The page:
Thursday, 2 July 2009

Winning at the Palio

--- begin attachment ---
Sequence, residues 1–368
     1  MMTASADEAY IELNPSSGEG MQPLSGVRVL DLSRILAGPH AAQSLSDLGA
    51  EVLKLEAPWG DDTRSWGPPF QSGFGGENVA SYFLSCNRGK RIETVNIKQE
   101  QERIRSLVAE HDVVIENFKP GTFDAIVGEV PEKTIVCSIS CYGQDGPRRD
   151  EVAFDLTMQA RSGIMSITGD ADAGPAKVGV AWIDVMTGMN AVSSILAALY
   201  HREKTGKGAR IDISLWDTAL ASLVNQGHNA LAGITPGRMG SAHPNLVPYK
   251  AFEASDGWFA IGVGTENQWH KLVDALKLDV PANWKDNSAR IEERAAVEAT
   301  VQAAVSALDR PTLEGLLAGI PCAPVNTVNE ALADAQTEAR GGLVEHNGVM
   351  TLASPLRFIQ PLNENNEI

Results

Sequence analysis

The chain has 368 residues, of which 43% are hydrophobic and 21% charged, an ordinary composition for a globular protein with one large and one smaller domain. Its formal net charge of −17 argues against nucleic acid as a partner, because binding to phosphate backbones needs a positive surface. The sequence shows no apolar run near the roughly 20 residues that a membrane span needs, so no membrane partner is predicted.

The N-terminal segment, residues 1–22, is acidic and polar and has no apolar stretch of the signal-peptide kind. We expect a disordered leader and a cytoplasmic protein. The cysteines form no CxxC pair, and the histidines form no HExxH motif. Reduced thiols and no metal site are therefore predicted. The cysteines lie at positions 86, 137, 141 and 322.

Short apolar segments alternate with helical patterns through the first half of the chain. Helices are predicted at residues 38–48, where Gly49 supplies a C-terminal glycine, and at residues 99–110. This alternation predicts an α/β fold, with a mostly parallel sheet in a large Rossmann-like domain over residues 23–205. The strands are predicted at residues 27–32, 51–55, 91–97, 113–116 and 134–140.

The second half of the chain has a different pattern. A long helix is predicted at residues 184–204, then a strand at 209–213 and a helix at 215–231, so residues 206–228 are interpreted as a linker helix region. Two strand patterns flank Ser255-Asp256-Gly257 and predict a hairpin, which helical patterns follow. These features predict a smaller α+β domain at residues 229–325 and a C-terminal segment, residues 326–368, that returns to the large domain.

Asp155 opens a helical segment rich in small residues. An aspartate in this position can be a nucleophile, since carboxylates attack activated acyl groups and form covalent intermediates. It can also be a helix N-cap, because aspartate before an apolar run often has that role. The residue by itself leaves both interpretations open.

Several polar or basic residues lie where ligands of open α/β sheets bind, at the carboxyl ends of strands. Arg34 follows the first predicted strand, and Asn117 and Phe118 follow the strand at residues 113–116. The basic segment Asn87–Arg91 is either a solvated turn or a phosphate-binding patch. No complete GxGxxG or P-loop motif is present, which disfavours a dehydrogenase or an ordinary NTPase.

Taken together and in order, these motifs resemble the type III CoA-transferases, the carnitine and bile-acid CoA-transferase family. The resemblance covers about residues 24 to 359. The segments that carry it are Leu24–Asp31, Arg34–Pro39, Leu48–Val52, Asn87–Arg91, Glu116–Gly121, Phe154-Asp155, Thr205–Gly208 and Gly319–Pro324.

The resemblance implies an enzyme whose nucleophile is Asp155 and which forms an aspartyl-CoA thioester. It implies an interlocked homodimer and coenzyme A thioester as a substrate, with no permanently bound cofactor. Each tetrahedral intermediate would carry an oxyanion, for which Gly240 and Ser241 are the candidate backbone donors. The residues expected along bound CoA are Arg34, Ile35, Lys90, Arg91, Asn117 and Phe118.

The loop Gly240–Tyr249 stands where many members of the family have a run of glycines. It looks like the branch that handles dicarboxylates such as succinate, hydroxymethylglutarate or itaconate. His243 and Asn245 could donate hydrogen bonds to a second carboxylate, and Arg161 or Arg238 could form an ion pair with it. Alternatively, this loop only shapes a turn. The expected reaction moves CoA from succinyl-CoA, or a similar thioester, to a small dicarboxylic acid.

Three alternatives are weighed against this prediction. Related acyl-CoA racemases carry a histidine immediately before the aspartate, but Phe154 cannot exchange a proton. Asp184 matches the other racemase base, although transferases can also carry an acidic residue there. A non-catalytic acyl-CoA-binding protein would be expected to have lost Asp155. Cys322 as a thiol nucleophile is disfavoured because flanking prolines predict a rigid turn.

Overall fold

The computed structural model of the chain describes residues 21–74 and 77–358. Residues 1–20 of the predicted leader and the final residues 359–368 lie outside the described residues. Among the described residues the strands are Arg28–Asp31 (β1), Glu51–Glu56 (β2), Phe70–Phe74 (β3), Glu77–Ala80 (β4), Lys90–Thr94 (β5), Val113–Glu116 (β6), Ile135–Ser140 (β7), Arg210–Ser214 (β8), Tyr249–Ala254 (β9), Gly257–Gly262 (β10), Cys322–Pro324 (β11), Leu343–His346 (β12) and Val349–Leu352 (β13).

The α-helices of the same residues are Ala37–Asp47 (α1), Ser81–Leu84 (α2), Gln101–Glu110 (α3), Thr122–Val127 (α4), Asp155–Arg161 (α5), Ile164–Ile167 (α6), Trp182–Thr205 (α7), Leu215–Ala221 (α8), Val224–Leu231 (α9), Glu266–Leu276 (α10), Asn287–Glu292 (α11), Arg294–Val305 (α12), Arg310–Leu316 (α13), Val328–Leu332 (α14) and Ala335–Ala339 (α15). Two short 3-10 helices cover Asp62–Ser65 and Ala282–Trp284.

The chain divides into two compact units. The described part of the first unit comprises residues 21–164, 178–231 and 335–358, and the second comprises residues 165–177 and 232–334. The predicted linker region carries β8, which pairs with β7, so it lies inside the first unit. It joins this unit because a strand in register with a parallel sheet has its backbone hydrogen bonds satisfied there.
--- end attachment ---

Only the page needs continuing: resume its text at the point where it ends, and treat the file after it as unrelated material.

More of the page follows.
A bonus to our trip to Siena was that it coincided with the annual running of the famous ‘Palio’ horse race that is run in the Piazza Il Campo. This traditional event attracts thousands of tourists from around the world to witness the colourful festivities that culminate in the big race. During the days before, the atmosphere continues to build with decorative banners adorning the narrow lanes, identifying the 17 distinct areas within the city, which are referred to as a ‘contrada’. Each contrada has it’s own distinctive colour combination and animal symbol that are worn by the bare back riders. The Palio is steeped in tradition which is at times confusing to the outsider, but clearly the event is taken very seriously by the locals who continue to contribute money throughout the year to procure the best horse and the best rider for the event. As a tourist, you have no choice but to get involved by selecting a contrada to support and buy a coloured scarf to represent the horse you will be cheering on during the race. Jules had taken a liking to the ‘Contrada della Tartuca’, which is represented by the tortoise. She had figured that with a mascot like that, they probably needed all the support they could muster. On the big day we headed toward the piazza to the droning of the tower bell. In the laneways, each contrada had begun their own procession that consisted of a range of characters in colourful costumes and even suits of armour, marching along on foot and on horseback. Leading the way were flag bearers who spasmodically stopped to throw their flags high into the air receiving applause from the crowd as they caught them upon there descent. As they marched, they were followed by an ever growing group of supporters, each wearing the appropriate contrada scarf. Eventually each group filed into the piazza for a lengthy grand procession accompanied by the deafening sound of trumpets. After several hours of posturing, the horses and riders appeared on the track and it first appears that the race would be run and won in minutes…not so. It would in fact be quite a while before the actual race would begin. There would be several hours of jockeying for position, bargaining amongst themselves (riders have been known to be bought off at the start line by competitors), hitting each other with their whips, blocking the start and enduring numerous false starts before it would begin. As a result of the numerous delays, the day was slowly starting to turn to night and it was 9.00pm before the shot gun blast could be heard around the piazza and the actual race is underway. After two furious laps around the piazza, it is all over and to our amazement Tartuca was the victor! We had backed the winner and we were as just excited as the locals, jumping up and down and waving our scarf. The crowd quickly flocked onto the clay track to surround the winning rider and lifting him high onto their shoulders. Other supporters were clearly not happy, claiming yet another false start , but it was official, the tortoise would be awarded with the coveted painted silk banner. Celebrations would continue well into the night, but for us, after several hours in the hot sun, reflecting on the victory over a glass of red wine in our little farm house would be quite enough.

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